North Dakota Supreme Court Begins Cleaning up the Marsy’s Law Mess

Kathleen Wrigley and other Marsy's Law supporters speak about their constitutional amendment in 2016.

Marsy’s Law is terrible public policy. “[A] hobby farm for an eccentric California billionaire,” as former state Supreme Court Justice Sandstrom told me during the 2016 election cycle when voters cast their ballots overwhelmingly for the constitutional amendment.

Unfortunately, I think North Dakota voters were bamboozled by slick campaign (Kelsey Grammer!) funded exclusively from California by the deep pockets of Henry Nicholas, the aforementioned billionaire.

Marsy’s Law is a disaster, as any honest observer with a reasonable understanding of the law will tell you, and now it’s up to the state courts to bring some semblance of order to this mess which has been dumped in their laps.

This week the state Supreme Court heard their first case related to Marsy’s Law, and in it they ruled that victims (in this case a school district) do not have the right to excessive restitution because of Marsy’s Law.

You can read the full opinion in State of North Dakota vs. Lukas Jeremy Kostelecky here.

To summarize, Kostlecky was arrested for damaging property at the New Town High School. He has pleaded guilty to a criminal mischief (a misdemeanor) but at issue is the amount of his restitution.

Damaged of Kostlecky’s crime was a copier at the school. The school district estimated that the cost of replacing the damaged copier with a brand new one was $3,790. The defense argued restitution does not entitle the victim to buy newer, more expensive items and pointed out that a refurbished copier would cost a maximum of $1,795.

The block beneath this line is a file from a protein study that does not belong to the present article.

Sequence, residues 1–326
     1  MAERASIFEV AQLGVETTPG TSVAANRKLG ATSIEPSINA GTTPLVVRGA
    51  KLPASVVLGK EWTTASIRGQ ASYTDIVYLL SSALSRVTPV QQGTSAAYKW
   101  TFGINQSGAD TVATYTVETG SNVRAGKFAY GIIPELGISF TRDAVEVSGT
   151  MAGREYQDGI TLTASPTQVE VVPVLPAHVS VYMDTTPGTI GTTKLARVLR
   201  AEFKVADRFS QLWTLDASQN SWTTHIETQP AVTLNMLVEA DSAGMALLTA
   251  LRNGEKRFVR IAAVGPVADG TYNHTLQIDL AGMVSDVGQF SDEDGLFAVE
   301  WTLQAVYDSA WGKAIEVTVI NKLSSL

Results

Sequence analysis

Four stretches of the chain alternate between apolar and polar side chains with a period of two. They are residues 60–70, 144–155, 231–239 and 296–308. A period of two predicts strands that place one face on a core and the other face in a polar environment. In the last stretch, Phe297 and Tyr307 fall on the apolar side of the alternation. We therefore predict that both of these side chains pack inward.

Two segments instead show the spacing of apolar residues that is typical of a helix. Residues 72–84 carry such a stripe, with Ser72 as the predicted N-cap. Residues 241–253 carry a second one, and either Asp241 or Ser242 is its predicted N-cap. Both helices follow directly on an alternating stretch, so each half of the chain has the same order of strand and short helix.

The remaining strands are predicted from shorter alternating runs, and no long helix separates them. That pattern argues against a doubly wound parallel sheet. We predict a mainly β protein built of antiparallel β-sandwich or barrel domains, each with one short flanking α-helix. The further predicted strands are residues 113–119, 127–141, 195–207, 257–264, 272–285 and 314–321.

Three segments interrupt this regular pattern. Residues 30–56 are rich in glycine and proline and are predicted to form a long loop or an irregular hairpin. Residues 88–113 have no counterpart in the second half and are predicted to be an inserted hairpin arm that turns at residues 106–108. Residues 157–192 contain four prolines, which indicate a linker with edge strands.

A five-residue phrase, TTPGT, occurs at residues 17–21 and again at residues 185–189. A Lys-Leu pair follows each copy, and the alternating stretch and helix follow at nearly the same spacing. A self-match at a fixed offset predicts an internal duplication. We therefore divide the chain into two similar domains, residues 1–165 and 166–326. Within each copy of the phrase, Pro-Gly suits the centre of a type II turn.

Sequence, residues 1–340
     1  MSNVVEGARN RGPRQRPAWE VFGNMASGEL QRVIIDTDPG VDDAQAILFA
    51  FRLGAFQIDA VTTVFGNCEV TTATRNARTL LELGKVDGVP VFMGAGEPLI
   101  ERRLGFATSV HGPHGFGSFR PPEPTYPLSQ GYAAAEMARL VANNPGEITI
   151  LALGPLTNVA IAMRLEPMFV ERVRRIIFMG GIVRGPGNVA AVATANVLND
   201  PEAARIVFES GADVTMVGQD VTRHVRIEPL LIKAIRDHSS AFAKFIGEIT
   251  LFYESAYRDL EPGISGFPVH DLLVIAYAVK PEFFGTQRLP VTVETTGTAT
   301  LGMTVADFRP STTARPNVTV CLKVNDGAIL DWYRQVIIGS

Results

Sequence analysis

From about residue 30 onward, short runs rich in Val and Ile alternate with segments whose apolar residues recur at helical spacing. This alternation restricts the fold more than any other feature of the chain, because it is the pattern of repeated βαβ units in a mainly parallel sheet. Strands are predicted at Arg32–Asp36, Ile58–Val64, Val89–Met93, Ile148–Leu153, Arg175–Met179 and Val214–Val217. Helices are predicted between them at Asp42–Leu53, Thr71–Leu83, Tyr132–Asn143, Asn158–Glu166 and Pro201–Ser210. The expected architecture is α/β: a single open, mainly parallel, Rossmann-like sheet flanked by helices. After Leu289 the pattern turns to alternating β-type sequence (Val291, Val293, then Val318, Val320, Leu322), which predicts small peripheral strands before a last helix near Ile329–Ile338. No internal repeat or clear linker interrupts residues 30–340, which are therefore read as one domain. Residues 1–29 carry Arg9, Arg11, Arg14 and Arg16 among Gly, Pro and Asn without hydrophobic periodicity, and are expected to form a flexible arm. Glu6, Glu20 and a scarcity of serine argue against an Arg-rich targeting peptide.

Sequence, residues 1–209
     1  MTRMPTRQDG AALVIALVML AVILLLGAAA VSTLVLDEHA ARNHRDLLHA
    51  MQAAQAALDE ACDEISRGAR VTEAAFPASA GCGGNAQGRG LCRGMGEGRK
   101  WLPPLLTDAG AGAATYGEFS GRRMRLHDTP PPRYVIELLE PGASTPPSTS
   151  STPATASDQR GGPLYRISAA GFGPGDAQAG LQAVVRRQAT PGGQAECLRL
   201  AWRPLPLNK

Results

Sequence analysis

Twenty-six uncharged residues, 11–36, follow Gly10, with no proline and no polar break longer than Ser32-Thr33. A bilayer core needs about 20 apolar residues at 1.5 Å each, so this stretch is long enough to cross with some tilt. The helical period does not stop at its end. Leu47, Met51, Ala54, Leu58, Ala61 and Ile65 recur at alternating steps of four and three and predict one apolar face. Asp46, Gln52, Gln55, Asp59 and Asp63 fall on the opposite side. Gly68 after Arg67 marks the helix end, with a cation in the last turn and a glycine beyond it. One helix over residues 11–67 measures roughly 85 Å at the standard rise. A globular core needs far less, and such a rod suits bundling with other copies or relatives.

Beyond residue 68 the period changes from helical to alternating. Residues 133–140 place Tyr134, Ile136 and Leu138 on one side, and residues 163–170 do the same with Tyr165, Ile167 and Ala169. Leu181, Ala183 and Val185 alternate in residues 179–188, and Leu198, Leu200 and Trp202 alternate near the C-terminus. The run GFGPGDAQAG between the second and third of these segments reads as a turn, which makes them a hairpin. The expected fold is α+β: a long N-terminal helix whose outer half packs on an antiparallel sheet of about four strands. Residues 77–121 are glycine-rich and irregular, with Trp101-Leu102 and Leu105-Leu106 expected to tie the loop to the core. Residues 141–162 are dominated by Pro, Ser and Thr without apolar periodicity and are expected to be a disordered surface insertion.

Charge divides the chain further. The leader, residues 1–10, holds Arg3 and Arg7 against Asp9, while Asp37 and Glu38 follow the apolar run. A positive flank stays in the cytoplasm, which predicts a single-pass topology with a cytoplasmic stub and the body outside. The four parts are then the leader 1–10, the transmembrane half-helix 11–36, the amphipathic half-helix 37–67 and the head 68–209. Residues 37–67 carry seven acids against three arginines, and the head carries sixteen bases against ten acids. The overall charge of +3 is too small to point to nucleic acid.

The district court judge sided with the prosecutors, arguing that Marsy’s Law requires full restitution. Here’s the quote from the district court judge excerpted in the supreme court’s opinion:

As far as the issue of restitution, I understand your argument perfectly well . . . but the problem is I believe that Marsy’s Law does require full restitution. And in this event the amount of restitution that is going to be ordered is the $3,790.

Now, if, in fact, that makes the school district beyond whole, I can’t make that determination. However, that was the amount that was expended to replace the item that was damaged and ultimately destroyed by Mr. Kostelecky. So that will be the amount of restitution.

The portion of Marsy’s Law referred to by the District Court is in Article I, Section 25, Subsection N of the North Dakota Constitution:

The problem with this portion of Marsy’s Law – a problem which infects much of Marsy’s Law – is that it conflicts with perfectly workable and reasonable law that existed before Marsy’s Law was ever created.

Marsy’s Law did more to muddy the waters than it did to solve any real public policy problems.

The Supreme Court overruled the district court. The school district may yet get the higher amount, but the justices said the district court judge must evaluate the question based on statute and precedent existing prior to Marsy’s Law:

The justices say the district court judge misinterpreted Marsy’s Law, though I’m not so sure he did. The amendment is so poorly written, so desperately vague in its application, that it puts judges in a really awkward position.

North Dakotans would be best served if Marsy’s Law were ripped out of the constitution. Since that’s deeply unlikely, what we’re left with is judges and lawyers trying to make sense of it all.

Rob Port is the editor of SayAnythingBlog.com, a columnist for the Forum News Service, and the host of the Rob (Re)Port on Fargo-based WDAY AM970 from noon-2pm weekdays.

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